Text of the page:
India is top 4th in the world
Time to cheer on Right to Information Day when it has come to notice that India has 4th Strongest RTI laws in the world. This report is available on 28th September which has been declared by UNESCO to be celebrated all over the world as “International Day for Universal Access to Information”. India as been ranked 4th in the world having strongest RTI Act. This has been done by a website rti-rating.org.
The website however states
India has long been recognized as one of the most advanced countries in the world when it comes to access to information, but its failure to top this ranking is demonstrative that global standards of the right to access have advanced considerably since India’s law was first passed.
The top two reasons for India considered as lower in ranking are due to “blanket exceptions in Schedule 2 for various security, intelligence, research and economic institutes” and “not allowing access to information held by private entities which perform a public function“.
On analysis of the details it is also found that India has scored less on not only exemption reasons, but also on imposing less sanction. Here are the other major factors which are matter of concern in so far as RTI Act is concerned. In these matters India has scored lesser.
There is a system for redressing the problem of public authorities which systematically fail to disclose information or underperform (either through imposing sanctions on them or requiring remedial actions of them).
There are legal protections against imposing sanctions on those who, in good faith, release information which discloses wrongdoing (i.e. whistleblowers).
A central body, such as an information commission(er) or government department, is only given overall responsibility for promoting the right to information.
A system is not in place whereby minimum standards regarding the management of records are set and applied.
There are clear and reasonable maximum timelines (20 working days or less) for responding to requests, regardless of the manner of satisfying the request (including through publication).
Do you have any suggestion for improvement on RTI Act, do join the discussion here at our forum:
The popular myth – “RTI is meant for developed countries while developing countries have other urgent issues of poverty, hunger, poor levels of basic services like education and health” stands disproved once again. – States The Governance Now
Central Information Commission warned the Central Public Information Officer for asking for the applicants citizenship proof under RTI who held the reply stating that furnishing of citizenship proof is a pre-requisite for providing the information.
CIC said that Read more ›
In a significant decision of Dr. Nazrul Islam vs State Of West Bengal & Ors on 31 August, 2016, Calcutta high court has ruled that “It is the Department who has to compensate a citizen for any loss, detriment or harassment suffered by him by reason of failure of its officers to perform their duty.”. The Department cannot claim that “responsibility and liability should be fixed only on its officers”.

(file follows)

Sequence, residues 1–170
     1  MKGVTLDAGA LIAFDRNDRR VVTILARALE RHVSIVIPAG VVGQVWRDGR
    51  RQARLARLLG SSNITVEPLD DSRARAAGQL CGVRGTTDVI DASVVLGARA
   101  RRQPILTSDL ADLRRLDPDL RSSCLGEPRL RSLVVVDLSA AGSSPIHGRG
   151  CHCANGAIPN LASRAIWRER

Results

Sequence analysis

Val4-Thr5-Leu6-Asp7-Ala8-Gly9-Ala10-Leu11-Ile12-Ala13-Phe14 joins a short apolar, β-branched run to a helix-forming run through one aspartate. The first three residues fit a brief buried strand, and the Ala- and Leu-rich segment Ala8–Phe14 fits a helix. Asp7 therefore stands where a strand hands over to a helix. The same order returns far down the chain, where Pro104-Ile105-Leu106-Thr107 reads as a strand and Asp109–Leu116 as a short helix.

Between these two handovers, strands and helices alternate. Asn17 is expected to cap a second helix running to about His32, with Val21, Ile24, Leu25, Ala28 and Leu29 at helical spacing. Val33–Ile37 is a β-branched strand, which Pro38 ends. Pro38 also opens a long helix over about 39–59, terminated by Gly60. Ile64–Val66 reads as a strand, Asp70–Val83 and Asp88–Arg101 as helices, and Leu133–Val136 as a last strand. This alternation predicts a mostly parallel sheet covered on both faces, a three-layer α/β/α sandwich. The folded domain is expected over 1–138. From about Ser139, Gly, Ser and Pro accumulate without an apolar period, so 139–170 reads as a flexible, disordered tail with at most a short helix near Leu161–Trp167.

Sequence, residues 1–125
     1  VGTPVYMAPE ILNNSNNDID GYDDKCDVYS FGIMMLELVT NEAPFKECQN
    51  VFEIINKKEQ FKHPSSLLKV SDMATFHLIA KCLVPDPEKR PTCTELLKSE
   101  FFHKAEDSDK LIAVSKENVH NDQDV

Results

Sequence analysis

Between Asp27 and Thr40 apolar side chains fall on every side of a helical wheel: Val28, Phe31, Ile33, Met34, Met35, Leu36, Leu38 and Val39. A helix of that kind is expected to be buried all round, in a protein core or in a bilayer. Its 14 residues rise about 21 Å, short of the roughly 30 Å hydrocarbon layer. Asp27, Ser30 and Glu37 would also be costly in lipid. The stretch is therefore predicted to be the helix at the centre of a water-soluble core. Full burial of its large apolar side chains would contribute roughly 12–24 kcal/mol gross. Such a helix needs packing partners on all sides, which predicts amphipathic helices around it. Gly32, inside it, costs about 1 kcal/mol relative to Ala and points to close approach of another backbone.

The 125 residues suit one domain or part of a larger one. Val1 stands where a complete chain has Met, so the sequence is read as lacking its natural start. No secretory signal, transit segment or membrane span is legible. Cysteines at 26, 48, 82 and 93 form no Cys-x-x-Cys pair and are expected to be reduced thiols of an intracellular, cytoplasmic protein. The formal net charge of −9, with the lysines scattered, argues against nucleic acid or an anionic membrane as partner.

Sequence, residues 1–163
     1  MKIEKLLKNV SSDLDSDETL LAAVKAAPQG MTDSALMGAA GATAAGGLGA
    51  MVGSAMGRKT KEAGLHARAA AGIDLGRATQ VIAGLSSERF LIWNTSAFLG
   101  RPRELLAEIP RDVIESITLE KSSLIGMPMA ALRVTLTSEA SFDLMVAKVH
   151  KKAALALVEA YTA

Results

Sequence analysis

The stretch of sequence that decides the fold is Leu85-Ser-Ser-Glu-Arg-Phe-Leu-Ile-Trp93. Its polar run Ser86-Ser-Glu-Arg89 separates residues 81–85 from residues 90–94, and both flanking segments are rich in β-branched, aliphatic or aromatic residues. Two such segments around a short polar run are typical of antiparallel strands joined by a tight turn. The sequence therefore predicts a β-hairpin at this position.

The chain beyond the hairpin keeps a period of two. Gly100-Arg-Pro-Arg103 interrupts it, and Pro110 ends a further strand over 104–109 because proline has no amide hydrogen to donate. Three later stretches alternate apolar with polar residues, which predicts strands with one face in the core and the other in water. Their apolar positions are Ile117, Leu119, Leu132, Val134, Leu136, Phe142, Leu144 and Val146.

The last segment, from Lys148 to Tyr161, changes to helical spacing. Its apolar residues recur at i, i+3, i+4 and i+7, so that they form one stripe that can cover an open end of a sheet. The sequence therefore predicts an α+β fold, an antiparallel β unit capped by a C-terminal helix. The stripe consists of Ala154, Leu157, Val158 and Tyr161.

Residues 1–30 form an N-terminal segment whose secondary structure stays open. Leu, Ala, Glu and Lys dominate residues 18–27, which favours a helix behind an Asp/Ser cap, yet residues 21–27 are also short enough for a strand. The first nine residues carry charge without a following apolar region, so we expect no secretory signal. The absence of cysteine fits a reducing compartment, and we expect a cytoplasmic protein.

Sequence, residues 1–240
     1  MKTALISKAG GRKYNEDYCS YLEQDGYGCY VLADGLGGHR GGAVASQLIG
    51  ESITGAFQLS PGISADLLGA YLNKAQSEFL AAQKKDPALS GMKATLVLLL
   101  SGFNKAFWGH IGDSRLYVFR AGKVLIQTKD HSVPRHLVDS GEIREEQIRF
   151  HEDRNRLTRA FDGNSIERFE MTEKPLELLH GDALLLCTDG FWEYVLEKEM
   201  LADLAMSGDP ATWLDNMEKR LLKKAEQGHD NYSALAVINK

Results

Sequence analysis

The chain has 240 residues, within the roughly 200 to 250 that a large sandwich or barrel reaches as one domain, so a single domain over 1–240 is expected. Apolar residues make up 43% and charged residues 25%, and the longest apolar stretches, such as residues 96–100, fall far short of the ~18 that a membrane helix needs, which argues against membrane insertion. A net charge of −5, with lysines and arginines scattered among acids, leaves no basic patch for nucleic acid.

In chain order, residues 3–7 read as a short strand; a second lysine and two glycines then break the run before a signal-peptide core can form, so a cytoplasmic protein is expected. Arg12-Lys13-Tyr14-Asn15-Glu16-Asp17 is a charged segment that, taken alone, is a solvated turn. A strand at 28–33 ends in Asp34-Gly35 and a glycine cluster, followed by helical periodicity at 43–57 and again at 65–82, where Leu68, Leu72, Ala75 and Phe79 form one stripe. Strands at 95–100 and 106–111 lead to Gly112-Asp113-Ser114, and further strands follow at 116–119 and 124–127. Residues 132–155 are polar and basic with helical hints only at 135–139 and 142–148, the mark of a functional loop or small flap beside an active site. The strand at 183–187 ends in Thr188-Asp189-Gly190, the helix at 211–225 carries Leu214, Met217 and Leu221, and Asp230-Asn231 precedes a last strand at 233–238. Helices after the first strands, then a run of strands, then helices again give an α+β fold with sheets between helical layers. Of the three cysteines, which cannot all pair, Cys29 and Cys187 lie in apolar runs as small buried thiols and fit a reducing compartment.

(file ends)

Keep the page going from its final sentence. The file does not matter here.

The court further added that “In fact, the Department should recover from its concerned officers the compensation that the Department has to pay to the affected citizen.” Read more ›
The information about his wife income tax documents probing for the alleged income and expenditure during the wedding was denied under RTI. However, as his wife has filed FIR under section 498A/406 IPC, Delhi High court allowed access to the document considering that as the criminal proceeding filed by the wife is still pending and her cross-examination is not complete, the husband can cross examine her with regard to her income-tax returns and/or the husband can file an appropriate application for production of the relevant income tax records.
The information sought by the Husband in reference to wife income tax documents regarding action taken report in reference to his letter was rejected on the ground that information sought is exempt under Section 8(1)(j) of the Right to Information Act, 2005 (for short ‘RTI Act, 2005’).
The decision of the high court can be read from our wiki segment here! Read more ›
In on the decision Appellate Authority of Central Information Commission has decided that a citizen is obliged to make an application under the RTI Act only before the CPIO of the concerned Public Authority.
The provision under Section 6(3) has to be read in the context of Section 6(1) of the RTI Act. In other words, Section 6(1) lays down a rule while Section 6(3) is an exception. If every applicant is allowed to submit all petitions concerning various Public Authorities to one single Public Authority, then virtually every Public Authority would be rendered into a Post Office, whose only task would be to transfer a RTI application to the concerned CPIOs. This will put the whole system unworkable. This could not have been the intention of the Legislature while enacting Section 6(3) that each and every person can submit applications seeking information wherever he likes. Read more ›